How To Crate Train An Older Dog
Crates may seem to be a means to limit your pet’s freedom of movement, yet they are more designed for your pet’s safety rather than anything else. Your dog can stay in a crate when you are transporting them to the vet, or even when you can’t supervise them indoors. You may reject caging your dog and arrange special areas for them in your house. But, crating is not a matter of encaging, but is rather a safety action for your dog, so it doesn’t swallow a battery or any other small pieces that may be around your house or car.
Crates Are Designed To Keep Your Dog Safe
Not only do they allow you to safely travel with your pet, but they give owners a break from persistent supervising. One thing is that your dog should be trained for the crate; you can’t just buy the cage and lock it inside; This can lead to enragement or fear, and your dog won’t understand this; such irresponsible actions will lead to serious consequences. Once you buy a crate you should take time to teach your dog to be in there. Crate training should be consistent and appropriate; in the end, the crate will become your dog’s second small home inside of a bigger home where they will feel comfortable and safe.
Many think that only puppies can be trained for crates, however, this is not really so. It is possible to train an older dog, but it might take a little longer, because, in general, puppies are more receptive to any training. Older dogs can have negative associations with cages, especially if they used to live on the streets or you take them from a dog shelter. However, the majority of dogs are pretty easy to crate train.
What Is The Difference Between Crate Training A Puppy And An Older Dog?
As for the methods of crate training, there can be no difference at all, but training an older dog will take more time. Adult dogs already have a number of habits, which makes it harder to crate train them, and they tend to forget things faster. Dogs that were taken from the shelter, or have negative experience with cages, can be specifically hard to accept the crate. This doesn’t mean it’s impossible to crate train an older dog, but it will require more repetitions and your patience. Puppies don’t usually resist being crated, because young dogs do not have any life habits, so the whole process of learning for them is new. Older dogs that have never been crated may even fight it at first.
A Special Case Of Adopted Dogs
Dogs that were adopted can have a more complicated relation with a crate. They were locked away for most of the time, so a crate might cause the feeling of being abandoned or even take it as a punishment. Such memories will make it harder for you to crate train an older dog, but patience, love and constant training will do the job. Yet, an adopted dog may already have been trained for a crate, so it may be easy to get them to remember their old habits and your adopted dog will find its happy place in the crate even faster than a puppy.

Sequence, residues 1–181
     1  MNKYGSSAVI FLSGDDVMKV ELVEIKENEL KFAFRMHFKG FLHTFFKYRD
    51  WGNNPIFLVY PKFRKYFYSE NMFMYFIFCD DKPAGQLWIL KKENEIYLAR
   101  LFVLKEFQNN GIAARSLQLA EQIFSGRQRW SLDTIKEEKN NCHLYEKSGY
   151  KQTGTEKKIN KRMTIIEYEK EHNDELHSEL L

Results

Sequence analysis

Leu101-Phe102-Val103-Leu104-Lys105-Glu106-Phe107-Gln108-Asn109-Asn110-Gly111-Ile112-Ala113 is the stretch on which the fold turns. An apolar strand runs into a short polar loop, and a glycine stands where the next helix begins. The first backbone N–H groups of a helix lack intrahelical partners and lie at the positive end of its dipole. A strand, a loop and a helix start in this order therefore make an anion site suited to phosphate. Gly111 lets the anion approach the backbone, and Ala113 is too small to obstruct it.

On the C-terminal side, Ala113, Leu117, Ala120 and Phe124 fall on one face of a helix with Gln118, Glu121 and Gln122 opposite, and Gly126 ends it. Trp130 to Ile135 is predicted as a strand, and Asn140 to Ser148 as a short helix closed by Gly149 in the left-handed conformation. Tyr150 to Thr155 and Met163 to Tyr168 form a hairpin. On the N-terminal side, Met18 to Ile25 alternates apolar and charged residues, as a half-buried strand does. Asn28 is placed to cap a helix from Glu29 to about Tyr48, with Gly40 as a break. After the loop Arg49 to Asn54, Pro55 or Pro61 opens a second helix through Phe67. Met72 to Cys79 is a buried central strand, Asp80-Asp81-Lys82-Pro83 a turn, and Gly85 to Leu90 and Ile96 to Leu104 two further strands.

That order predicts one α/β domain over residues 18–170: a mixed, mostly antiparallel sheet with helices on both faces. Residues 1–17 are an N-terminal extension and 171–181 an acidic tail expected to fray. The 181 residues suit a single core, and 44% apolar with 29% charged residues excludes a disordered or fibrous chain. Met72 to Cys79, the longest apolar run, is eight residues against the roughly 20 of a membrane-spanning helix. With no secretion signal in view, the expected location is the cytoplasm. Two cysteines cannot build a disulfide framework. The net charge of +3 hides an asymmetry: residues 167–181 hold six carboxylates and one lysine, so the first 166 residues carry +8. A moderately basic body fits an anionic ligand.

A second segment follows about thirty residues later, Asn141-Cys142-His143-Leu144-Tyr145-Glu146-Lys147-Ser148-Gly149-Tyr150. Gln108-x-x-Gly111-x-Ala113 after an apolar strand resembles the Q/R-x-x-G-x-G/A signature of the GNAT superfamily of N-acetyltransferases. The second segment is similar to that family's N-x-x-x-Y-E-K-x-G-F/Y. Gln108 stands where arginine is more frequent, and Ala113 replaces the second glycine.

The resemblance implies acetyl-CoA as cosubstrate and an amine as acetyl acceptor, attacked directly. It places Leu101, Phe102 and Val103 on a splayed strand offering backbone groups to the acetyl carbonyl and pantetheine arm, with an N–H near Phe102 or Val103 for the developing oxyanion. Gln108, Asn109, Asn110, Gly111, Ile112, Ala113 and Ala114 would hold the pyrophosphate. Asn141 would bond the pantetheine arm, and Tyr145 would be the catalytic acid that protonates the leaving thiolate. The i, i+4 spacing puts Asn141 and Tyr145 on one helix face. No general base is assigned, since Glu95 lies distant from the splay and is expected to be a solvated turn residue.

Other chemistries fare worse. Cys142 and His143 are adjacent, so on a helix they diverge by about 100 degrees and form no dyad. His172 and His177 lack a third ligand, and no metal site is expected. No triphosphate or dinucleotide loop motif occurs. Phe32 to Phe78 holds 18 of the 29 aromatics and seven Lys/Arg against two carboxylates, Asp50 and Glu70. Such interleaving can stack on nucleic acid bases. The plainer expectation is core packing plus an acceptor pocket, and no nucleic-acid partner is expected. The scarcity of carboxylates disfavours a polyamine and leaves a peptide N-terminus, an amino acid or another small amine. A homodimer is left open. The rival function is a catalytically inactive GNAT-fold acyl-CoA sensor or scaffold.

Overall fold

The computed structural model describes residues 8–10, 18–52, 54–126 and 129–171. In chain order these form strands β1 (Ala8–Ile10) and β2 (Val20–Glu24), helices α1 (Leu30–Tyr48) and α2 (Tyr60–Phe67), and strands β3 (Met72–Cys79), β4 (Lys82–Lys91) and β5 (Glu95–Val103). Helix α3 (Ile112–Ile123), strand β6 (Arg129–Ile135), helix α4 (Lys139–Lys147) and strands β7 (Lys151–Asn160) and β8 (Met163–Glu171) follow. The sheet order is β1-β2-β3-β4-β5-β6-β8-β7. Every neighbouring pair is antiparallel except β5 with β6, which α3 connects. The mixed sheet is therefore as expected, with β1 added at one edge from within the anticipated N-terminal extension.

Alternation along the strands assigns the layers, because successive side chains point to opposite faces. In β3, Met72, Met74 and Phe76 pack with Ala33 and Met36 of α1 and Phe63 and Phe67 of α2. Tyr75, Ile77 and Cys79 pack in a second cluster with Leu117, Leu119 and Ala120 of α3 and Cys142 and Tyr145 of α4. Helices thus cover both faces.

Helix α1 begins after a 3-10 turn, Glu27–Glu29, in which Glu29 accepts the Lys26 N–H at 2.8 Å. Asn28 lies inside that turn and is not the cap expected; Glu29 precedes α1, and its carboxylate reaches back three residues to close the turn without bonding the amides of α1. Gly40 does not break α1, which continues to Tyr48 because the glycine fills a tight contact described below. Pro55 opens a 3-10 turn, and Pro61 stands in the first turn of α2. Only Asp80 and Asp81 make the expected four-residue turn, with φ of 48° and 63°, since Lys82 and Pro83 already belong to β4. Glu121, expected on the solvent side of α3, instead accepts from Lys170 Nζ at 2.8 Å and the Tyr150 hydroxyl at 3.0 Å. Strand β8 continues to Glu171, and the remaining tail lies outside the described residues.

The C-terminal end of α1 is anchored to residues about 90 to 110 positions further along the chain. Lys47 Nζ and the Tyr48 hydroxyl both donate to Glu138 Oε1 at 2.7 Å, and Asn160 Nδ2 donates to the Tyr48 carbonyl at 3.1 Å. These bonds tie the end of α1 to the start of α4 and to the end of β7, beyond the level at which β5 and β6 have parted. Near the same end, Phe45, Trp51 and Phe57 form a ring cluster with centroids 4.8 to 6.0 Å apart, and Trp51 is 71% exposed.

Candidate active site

How To Start Crate Training
Before you start to train your dog to get adjusted to a crate, buy one and know exactly where you plan to use it, how often, and for what occasions. Find the place in your home where you will locate the crate; it should be in one location, so the dog can memorize where it is. Your crate should be appropriate in size and not too small for your pet. They should be able to stand up inside of it, and lay freely. Otherwise, it will be inhumane. Then you should decide which type of crate you want to use. There is a variety of crates, differing in size, materials, colors, and shapes. There are plastic crates that are darker inside and cage-like crates made from metal wire that allow dogs to see more when they are inside. Aluminum and steel crates are impossible to break. Dogs usually like the crates that are darker inside, because they can use the crate to rest and sleep, so it is not necessary for them to see what is going on outside the crate. Dark crate creates an illusion of leaving the outer world behind and is a safe place.
Create A Positive Image Of The Crate For Your Dog
This is a very important stage of crate training. To create a positive image of a crate, put it on the floor and take off the door, or open it wide. Put the crate in the busiest part of your home where you and your family spend most of the time, so the dog will have company. Let your dog examine the crate at their own manner and pace. Don’t force the dog into the crate. It should sniff around and independently get acquainted. It can take some time.
Next you can place your dog’s favorite toys and snacks inside. The dog should understand that no one is forcing them into the crate and that being in the crate can be fun. Add treats to the crate, but then do nothing if your dog either ignores it or won’t stay in the crate. Put your dog’s usual bedding near the crate, and a few days later move it inside the crate. When you put your dog’s favorite toy inside the crate, make sure it is not too far, so the dog doesn’t have to crawl all the way in.
Have a schedule for crate training. Your training should be persistent and take place every day at the same hour, for example, after you come home from work. Remember to make the crate a place where good things come from, and your dog will get used to it. See here for the best dog crates for your older dog.